Choosing the Right Visualization Type for a Project Report

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Choosing the Right Visualization Type for a Project Report

Data visualization is a way of creating a picture with your data rather than leaving it on a spreadsheet. There are a lot of different types of data visualization, and selecting the Right Data Visualizations for a project depends on what you’re trying to show. Visualization can be used to compare values, show the composition of something, and help you to analyze trends in the data.

Are you comparing values?

If you want to compare values, there are different types of charts to represent data that can be used. These are as follows :

  1. Column charts can show comparisons of different items or a comparison of items over time.
  2. A mekko chart not only compares values but also measures their composition and demonstrates how data is distributed across each value.
  3. Bar graphs are useful because they prevent clutter when you have a very long data label or a lot of values to compare. 
  4. A pie chart shows how much certain categories make up the total percentage. Line graphs can show how values progress and change over a period of time, and can show many categories at once.
  5. Scatter plot charts, show the relationship between two different variables and are useful for determining your data’s distribution.
  6. Bullet graphs show progress towards a goal, compared to another value, and given a rating.

Let’s take a look at the different types of charts and their uses-

1. Are you showing the composition of something?

If you want to visually represent how much certain parts contribute to the whole, you can use pie charts, stacked bar graphs, mekko charts, stacked columns, area charts, and waterfall charts. These kinds of visualizations and graphs for your project are useful for displaying data such as your total sales, broken down by representative, or by-product.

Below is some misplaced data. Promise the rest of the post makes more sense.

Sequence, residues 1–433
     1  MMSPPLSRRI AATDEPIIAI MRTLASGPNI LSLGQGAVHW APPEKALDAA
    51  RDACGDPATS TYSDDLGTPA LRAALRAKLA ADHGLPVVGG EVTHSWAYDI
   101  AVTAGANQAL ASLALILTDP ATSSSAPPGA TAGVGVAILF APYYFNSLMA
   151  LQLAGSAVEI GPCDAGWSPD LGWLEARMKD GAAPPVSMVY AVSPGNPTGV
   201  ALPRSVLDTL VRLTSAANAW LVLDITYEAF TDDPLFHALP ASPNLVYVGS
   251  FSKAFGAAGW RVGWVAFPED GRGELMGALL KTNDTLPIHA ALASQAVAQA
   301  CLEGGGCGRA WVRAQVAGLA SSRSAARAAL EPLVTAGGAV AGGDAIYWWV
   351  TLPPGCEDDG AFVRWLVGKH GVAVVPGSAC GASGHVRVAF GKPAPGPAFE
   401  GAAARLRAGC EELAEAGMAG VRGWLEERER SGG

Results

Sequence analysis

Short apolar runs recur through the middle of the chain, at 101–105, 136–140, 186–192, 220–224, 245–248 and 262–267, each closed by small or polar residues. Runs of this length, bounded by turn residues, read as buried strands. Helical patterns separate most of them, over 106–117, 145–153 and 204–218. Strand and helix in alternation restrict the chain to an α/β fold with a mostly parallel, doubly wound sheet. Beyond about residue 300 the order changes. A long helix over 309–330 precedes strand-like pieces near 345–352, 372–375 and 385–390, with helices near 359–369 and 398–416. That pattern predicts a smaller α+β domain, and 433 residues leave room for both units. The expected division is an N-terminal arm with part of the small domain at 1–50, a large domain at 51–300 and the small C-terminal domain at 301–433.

2. Are you trying to better understand the distribution of your data?

If you’re looking closely at your distribution, it probably means you’re searching for outliers and trying to see what the normal tendency actually is. Mekko charts, line charts, columns, bar graphs, and scatter plots can be used. Scatter plot charts and show the relationship between two sets of variables.

3. Are you analyzing trends in your data?

Sometimes you’ll want to know how your variables did during a certain time period. It is good to display this kind of information using line charts, dual-axis charts, and columns. A dual-axis chart is unique. It allows you to plot two y-axes that share an x-axis. Dual-axis is used to see if there is a correlation between the three data sets.

Proper use of number charts

“Number charts are used for showing an overview of key performance indicators (KPI), the only decision to be made with number charts is the time period you would like to show. They can show the latest quarter or a company’s entire history,” advises Paul Drolet, data analyst at Writemyx. Avoid using too many number charts, or your point will become diluted.

Proper use of line charts

Line charts are mostly used to show trends because they visualize a continuous string of data over time. Adding in goal lines can show how close actual performance came to reaching, or exceeding, benchmarks that were set. Very useful because they can be effectively combined with other types of visualization, such as bar graphs. Try to avoid creating line charts with a lot of variables, because they will become very hard to read.